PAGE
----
See list attachedMarch 20, 196969-PA-T-47APA/Chief, Apollo Data Priority CoordinationF mission lunar orbit attitude sequence
This belated memo is to describe the results of our March 10 Mission Techniques meeting on the F mission lunar orbit attitude sequences – as well as I can remember them.
I realize the following statement must sound inconsistent, but although there were a large number of changes to the attitude sequence as docu- mented in Rocky Duncan's Internal Note, 69-FM-51, dated February 21, 1969, my impression is that it is basically nearly right. Of course, it will have to be updated to reflect the many picky changes we arrived at, but in the meantime it's still a good reference. It certainly served one useful purpose. That is, at this meeting it brought out a number of misunderstandings and minor disagreements which we were able to resolve.
The F mission attitude sequence must obviously be constrained to avoid excessive RCS propellant usage. As a result, whenever possible an inertial attitude was selected which would provide all of the various desired characteristics. For example, on the first couple of revs in lunar orbit, it was planned to keep the spacecraft essentially in the LOI burn attitude, just rolling it to provide hi-gain S-band coverage with the earth. This unfortunately doesn't provide much opportunity for the crew to view the lunar surface. That can't be called mandatory for the mission, of course, but in practice is just plain unreasonable. Who could suggest that the crew not look at the sunlit moon once they have gotten there, even if it costs some RCS. Accordingly, we asked Duncan to work out a new attitude/attitude rate which would not only give the hi-gain antenna coverage but also a visual view of the lunar surface on the daylight side. It must also support a P52 alignment in the darkness. This inertial attitude sequence will be defined pre-flight and will only be updated in real time (during cis-lunar coast) if the launch date slips.
As you know, the landmark tracking with the IM attached will be done in the pitch mode. An attitude/attitude rate sequence proposed by Duncan was accepted. It provides three minutes of useful observations above 55 degrees elevation angle. It involves holding a pre-determined inertial attitude until the spacecraft is at a 35 degree elevation angle as viewed from the landmark. At this time, a pitch rate of at least 0.3 degree is initiated. I would like to emphasize that “at least.” The local vertical pitch at the time of starting the rate is -2.1 degrees; the roll and yaw angles are 0. MCC-H will supply the following data in real time:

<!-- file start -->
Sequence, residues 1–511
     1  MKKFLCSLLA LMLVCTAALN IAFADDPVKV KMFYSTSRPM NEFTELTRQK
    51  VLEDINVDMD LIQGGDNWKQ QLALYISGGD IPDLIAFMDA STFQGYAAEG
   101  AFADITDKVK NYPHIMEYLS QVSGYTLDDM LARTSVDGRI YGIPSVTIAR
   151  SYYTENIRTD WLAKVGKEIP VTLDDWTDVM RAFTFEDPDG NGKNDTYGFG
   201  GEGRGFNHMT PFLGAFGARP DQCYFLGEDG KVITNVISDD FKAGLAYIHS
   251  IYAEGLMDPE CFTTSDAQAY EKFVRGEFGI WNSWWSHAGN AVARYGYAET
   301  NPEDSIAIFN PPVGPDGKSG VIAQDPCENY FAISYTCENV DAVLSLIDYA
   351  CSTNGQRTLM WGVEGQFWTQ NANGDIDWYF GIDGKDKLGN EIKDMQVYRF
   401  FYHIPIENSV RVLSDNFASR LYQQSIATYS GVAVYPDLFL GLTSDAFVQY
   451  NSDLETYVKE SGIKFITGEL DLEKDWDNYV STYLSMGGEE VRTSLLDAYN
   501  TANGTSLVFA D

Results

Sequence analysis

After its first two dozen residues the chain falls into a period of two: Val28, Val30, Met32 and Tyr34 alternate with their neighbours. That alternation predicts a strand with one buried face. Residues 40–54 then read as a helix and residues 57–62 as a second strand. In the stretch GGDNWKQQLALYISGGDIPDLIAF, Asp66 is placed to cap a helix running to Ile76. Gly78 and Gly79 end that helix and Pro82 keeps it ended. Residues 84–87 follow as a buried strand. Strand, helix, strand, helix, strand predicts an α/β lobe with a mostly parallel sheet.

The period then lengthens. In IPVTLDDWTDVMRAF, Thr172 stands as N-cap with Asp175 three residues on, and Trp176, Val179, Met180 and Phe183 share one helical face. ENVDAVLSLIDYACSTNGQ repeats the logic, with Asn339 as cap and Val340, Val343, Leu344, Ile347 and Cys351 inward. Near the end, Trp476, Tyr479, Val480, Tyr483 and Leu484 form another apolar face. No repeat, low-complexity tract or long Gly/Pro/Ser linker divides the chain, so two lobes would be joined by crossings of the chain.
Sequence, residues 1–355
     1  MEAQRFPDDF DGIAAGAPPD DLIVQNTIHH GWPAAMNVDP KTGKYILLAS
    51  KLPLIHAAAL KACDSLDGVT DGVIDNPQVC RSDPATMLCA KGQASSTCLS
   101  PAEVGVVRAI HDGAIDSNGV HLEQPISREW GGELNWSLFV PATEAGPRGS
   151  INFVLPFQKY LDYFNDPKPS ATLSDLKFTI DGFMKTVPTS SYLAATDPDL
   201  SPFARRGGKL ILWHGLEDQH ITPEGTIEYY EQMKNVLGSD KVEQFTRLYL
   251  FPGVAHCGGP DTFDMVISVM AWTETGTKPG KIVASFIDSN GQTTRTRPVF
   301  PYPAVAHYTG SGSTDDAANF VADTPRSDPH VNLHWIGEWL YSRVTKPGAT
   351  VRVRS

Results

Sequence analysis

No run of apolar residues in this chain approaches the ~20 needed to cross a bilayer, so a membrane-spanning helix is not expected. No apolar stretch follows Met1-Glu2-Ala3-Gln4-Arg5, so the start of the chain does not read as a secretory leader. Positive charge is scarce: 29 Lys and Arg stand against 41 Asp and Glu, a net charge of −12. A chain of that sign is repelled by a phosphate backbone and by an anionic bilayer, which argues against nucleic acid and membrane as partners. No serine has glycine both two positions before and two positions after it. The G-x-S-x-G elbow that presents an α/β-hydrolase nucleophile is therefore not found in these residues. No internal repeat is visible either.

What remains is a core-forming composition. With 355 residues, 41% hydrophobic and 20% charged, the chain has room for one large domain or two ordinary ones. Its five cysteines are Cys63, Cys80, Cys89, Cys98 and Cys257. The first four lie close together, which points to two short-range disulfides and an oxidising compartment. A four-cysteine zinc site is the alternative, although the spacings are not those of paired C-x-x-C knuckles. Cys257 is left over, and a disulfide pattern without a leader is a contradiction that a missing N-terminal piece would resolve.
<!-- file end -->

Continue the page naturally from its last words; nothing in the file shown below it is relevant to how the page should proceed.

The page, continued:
a. Time at which the Initial Point (I.P.) is at elevation angle of 35 degrees.
b. The time to start pitching.
c. The inertial attitude to be held until the pitch rate is started.
d. The shaft and trunnion angle at that time as well as an indication as to whether the landmark will be north or south of the ground track.
Although it may be necessary to slightly roll the spacecraft if the landmark is too close to the ground track in order to avoid excessively high sextant shaft rates, it was decided to let the crew take care of this themselves. John Young says it's no problem. The constraint is that the sextant trunnion angle should never get less than 10 degrees.
Landmark tracking with the LM attached is done two times on the F and G missions. The first time with a pseudo-landing site, it occurs on the fifth rev just before the rest period and is used primarily for on the job training (OJT). The second time, of course, is just before DOI for descent targeting. We discussed the possibility of adding a second OJT into the flight plan to guard against problems or failures encountered on the first, but finally decided that, if necessary, this would be added in real time, perhaps at the cost of some sleep if the situation warrants it.
Rocky and his friends have been able to select an inertial attitude for use during sleep in lunar orbit. It is an in-plane alignment with the SPS engine forward in the direction of orbital motion and a pitch angle which results in the sunlight within 40 degrees of perpendicular to the x-axis. The spacecraft should be set up with a ± 10 degrees deadband. The inertial angles will be computed pre-flight and will provide contin- uous hi-gain S-band coverage but not a continuous view of the lunar surface. Duncan was requested to determine the LM yaw attitude for the APS burn to depletion which provides best S-band coverage.
The attitude/attitude rate sequence for the undocked landmark tracking exercise prior to TEI is different from the docked one. It was decided that the spacecraft will maintain orbit rate torquing continuously with a pitch angle of about -20 degrees. This will give an optics tracking period of about 160 seconds. Duncan was asked to tune-up the pitch angle a little to give about the same period of coverage before zenith as after. In this exercise, of course, it will only be necessary for the MCC-H to supply the crew with the two acquisition times (items a and b noted above).